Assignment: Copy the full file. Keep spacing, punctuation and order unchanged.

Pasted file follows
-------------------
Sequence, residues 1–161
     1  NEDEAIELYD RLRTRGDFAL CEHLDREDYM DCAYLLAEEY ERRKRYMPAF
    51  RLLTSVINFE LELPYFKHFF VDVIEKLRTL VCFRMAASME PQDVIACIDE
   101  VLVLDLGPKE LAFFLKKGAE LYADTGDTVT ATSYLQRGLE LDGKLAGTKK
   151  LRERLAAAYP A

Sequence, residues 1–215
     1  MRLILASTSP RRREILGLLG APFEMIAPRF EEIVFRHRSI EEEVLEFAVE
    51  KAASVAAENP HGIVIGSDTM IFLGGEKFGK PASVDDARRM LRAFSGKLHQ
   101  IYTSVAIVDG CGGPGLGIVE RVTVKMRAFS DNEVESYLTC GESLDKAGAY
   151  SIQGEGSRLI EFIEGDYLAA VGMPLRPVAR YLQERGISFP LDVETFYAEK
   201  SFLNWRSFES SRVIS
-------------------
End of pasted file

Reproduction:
Sequence, residues 1–161
     1  NEDEAIELYD RLRTRGDFAL CEHLDREDYM DCAYLLAEEY ERRKRYMPAF
    51  RLLTSVINFE LELPYFKHFF VDVIEKLRTL VCFRMAASME PQDVIACIDE
   101  VLVLDLGPKE LAFFLKKGAE LYADTGDTVT ATSYLQRGLE LDGKLAGTKK
   151  LRERLAAAYP A

Sequence, residues 1–215
     1  MRLILASTSP RRREILGLLG APFEMIAPRF EEIVFRHRSI EEEVLEFAVE
    51  KAASVAAENP HGIVIGSDTM IFLGGEKFGK PASVDDARRM LRAFSGKLHQ
   101  IYTSVAIVDG CGGPGLGIVE RVTVKMRAFS DNEVESYLTC GESLDKAGAY
   151  SIQGEGSRLI EFIEGDYLAA VGMPLRPVAR YLQERGISFP LDVETFYAEK
   201  SFLNWRSFES SRVIS